This morning a friend and I finished up the last of the mince pies I was given at Christmas. Here’s a picture of the very same prior to their consumption with a rather nice cup of instant coffee.
Mince pies are shortcrust or puff pastry filled with a minced mixture of dried fruits, sugar, spices and brandy. Although, this rich and sticky mixture of fruit contains no meat it is called mince meat – and jars of ready-made mince pie filling sold in shop is labelled mincemeat. Mince pies have been eaten as part of a traditional Christmas in Great Britain and Ireland since the 16th century.
Here’s a link to a delicious, easy to make recipe, if you’d like to try making your own mince pies. I though recommend you serve them hot with cream rather than the brandy butter described.
Christmas crackers are an important part of Christmas celebrations in many English-speaking countries, especially in the United Kingdom, Ireland, Australia, New Zealand, Canada, and South Africa. A cracker consists of a cardboard tube wrapped in coloured paper with a gift, a crown-like paper hat, and a motto or joke on a small piece of paper inside the central chamber. One person pulling one end of the cracker, another person the other end. When the cracker splits a snapping sound, similar to the sound produced by a cap gun, can be heard. This is due to the presence of a card strip impregnated with a special chemical inside the cracker. Christmas crackers are commonly pulled at the Christmas dinner table. The joke or riddle is told and the hat worn during the meal. The tradition of pulling crackers at Christmas dates back to at least the mid 19th century.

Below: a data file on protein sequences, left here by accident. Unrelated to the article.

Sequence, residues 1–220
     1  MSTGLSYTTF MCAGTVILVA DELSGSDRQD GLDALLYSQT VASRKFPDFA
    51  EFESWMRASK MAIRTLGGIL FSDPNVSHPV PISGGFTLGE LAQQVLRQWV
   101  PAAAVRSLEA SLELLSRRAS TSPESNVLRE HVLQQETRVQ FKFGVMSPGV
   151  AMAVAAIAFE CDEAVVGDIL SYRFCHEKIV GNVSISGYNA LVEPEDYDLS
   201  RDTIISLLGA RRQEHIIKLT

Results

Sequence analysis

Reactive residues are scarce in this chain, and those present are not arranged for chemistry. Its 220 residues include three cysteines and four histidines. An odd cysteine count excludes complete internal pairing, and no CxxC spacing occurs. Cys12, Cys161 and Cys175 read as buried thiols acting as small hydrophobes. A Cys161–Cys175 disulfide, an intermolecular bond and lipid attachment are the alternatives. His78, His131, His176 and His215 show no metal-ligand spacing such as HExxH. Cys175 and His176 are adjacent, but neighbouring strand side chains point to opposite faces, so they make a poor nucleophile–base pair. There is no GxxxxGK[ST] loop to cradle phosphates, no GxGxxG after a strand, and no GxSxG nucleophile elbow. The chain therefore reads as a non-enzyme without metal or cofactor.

Here’s a question sent in by a recent visitor to the site: “who was the first king of England?”. The answer to this question is, however, not as simple as it might appear. Some historians will say it was King Alfred, others Cnut the Great, and still others Henry II. Here’s my answer.
Athelstan (c.894 – 939 AD), the son of Edward the Elder and grandson of Alfred the Great, was the first king to rule all of England. It was Athelstan who first united the kingdoms of Mercia and Northumbria with his kingdom Wessex to create a united English kingdom. During his lifetime Athelstan was usually referred to as ‘King of the English’ (rex Anglorum), and on occasion as ‘King of all Britain’ (rex totius Britanniae). Althelstan reigned from 925 to his death at the age of 45 in 939.
However, to muddy the waters, it should be noted that Athelstan’s grandfather, Alfred the Great, was the first to be crowned ‘King of the English’, but, his kingdom did not include all of present-day England.
We’ll look at the equally contentious answer to the question ‘who was the first Queen of England?’ at a later date!
Today’s culture spot is dedicated to that most tasty of cheeses, Cheddar Cheese!
Some things you may not know about Cheddar Cheese:
– Cheddar cheese is named after the village of the same name in England where this most delicious of cheeses has been produced since at least the 12th century.
– Traditionally the cheese was matured in the many caves to be found in the village of Cheddar in Somerset, south-west England.
– A good quality strong Cheddar needs to be matured for at least 12 months.
– It is the most popular type of cheese in the UK, Australia, and Canada; and is the second-most-popular cheese in the US, behind Mozzarella.